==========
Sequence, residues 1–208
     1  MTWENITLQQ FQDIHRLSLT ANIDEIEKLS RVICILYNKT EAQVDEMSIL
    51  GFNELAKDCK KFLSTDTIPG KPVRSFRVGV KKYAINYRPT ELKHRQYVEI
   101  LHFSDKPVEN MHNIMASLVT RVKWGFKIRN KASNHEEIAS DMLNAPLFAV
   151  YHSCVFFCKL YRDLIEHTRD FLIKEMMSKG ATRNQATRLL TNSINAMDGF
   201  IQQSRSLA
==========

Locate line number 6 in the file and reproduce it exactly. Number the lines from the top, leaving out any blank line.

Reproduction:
   201  IQQSRSLA